Media technology.

Discover the world of paleontology with these great resources. From an app that provides info on all known and characterized dinosaurs, to books covering various topics in the field, learn more about these ancient creatures.

Encyclopedia of Dinosaurs is an app containing info on all known and characterized dinosaurs. The format makes the app suitable for all ages, from primary school to adult. Information includes the family type, geological era, size, location, name meaning, type of fossils, comments, and species list. It has a built-in dictionary. The information can be browsed, or accessed by name, country of origin, size or geological time period, or searched by individual words or from an extensive index.

So You Want to Become a Paleontologist? A Career in Paleontology. Academic Invest receives requests for advice on how to become a paleontologist and which colleges offer programs in paleontology. Rather than have potential paleontologists write to the list and list members recreate answers with each new inquiry, the authors of this page hope that what has been assembled here will simplify the process for potential paleontologists seeking information on pursuing such a career. The authors welcome expansion of this site if anyone would like to contribute information about undergraduate or graduate school paleontology programs… READ MORE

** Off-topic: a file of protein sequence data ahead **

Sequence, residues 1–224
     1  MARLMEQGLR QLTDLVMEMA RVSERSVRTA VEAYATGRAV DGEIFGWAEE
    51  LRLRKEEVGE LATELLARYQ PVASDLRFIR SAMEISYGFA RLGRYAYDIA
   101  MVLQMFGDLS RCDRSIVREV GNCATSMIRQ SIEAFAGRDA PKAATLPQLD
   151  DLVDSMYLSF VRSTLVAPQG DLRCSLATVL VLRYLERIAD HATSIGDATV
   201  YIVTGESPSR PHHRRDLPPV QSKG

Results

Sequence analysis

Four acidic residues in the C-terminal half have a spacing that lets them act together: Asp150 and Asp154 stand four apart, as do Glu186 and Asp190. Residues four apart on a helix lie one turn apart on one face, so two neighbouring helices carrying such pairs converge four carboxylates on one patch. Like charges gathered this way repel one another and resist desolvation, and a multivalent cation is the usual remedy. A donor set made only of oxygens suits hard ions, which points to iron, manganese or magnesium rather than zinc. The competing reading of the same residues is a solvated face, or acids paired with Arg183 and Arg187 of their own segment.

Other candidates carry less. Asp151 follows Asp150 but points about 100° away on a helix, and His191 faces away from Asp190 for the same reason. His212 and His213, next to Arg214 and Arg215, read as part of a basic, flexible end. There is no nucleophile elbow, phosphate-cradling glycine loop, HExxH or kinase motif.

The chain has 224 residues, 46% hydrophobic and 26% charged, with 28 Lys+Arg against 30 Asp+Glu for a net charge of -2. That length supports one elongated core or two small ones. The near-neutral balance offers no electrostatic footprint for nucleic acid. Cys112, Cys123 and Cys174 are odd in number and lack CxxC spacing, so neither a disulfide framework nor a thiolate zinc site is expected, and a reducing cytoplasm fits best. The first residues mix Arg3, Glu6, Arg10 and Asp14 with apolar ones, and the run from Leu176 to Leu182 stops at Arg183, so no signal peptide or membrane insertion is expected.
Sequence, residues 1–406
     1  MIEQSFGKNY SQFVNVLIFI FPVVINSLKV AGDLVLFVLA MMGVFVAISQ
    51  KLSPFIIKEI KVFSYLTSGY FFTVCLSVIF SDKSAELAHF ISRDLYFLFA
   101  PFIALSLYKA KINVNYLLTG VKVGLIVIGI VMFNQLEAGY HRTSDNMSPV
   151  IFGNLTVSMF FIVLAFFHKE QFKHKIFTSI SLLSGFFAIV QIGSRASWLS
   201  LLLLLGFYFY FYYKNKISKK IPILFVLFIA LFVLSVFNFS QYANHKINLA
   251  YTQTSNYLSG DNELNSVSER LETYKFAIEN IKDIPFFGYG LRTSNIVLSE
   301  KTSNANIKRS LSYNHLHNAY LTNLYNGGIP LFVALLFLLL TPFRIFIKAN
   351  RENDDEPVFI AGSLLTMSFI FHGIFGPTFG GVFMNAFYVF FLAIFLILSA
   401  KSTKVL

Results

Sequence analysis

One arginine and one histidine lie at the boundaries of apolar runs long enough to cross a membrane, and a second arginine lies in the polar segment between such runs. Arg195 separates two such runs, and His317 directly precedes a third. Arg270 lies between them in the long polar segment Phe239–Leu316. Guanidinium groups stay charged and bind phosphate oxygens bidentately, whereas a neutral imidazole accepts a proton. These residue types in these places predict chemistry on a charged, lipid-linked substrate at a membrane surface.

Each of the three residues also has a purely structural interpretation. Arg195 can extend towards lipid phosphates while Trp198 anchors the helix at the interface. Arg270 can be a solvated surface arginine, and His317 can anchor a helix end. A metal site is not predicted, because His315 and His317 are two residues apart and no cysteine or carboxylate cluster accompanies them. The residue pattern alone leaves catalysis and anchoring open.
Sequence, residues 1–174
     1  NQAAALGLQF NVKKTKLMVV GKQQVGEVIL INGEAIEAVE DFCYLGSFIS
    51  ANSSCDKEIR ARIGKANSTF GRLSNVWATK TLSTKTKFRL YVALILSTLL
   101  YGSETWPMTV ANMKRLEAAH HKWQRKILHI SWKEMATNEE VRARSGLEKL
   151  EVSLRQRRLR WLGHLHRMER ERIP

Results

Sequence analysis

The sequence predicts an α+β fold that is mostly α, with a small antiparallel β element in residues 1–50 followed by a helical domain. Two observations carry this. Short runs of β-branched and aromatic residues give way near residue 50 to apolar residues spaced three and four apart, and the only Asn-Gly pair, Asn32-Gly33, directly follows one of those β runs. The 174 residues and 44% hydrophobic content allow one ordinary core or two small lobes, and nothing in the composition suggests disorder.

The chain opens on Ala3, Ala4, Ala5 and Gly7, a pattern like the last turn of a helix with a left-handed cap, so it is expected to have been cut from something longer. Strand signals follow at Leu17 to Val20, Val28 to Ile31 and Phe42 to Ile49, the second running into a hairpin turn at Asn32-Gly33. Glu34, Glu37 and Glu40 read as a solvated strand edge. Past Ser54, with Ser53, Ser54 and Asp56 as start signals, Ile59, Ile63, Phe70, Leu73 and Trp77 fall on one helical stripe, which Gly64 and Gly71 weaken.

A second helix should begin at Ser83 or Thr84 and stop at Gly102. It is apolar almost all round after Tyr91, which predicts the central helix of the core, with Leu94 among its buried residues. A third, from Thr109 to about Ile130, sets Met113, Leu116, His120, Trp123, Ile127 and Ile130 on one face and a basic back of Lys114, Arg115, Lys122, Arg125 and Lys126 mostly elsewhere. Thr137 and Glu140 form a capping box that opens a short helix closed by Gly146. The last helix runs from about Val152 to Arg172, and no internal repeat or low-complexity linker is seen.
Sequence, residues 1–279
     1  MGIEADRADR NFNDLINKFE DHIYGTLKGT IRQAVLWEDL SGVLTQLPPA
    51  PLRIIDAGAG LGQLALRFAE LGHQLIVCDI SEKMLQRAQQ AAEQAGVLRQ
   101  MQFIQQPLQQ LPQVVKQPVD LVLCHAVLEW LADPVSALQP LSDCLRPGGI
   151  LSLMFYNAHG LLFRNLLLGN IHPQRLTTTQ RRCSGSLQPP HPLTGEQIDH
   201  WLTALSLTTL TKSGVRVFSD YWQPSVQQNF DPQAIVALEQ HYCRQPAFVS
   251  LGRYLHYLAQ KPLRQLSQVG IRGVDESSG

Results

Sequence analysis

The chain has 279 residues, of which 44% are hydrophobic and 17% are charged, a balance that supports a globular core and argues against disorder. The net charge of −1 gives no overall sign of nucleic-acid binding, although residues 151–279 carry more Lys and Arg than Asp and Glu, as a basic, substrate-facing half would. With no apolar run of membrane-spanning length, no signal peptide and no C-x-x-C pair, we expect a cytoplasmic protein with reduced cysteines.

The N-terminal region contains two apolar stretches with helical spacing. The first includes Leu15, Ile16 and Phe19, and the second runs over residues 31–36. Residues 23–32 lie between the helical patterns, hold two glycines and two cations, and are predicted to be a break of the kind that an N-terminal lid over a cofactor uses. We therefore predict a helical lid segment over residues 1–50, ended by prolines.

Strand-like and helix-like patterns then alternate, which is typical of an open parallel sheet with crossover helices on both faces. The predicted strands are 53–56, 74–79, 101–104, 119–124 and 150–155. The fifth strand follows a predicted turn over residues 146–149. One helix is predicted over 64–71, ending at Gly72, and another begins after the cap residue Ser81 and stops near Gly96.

Dinosaur Books

Books are still a more important resource and the best one for dinosaur information. I recommend the following:

Currie, P.J., and K. Padian, (eds.), 1997, “Encyclopedia of Dinosaurs,” Academic Press, 869 pages. This book is a good encyclopedia of information, current ideas on dinosaurs in one encyclopedia. Topics are short but at least give you information on many ideas and information that current for the field of dinosaur study.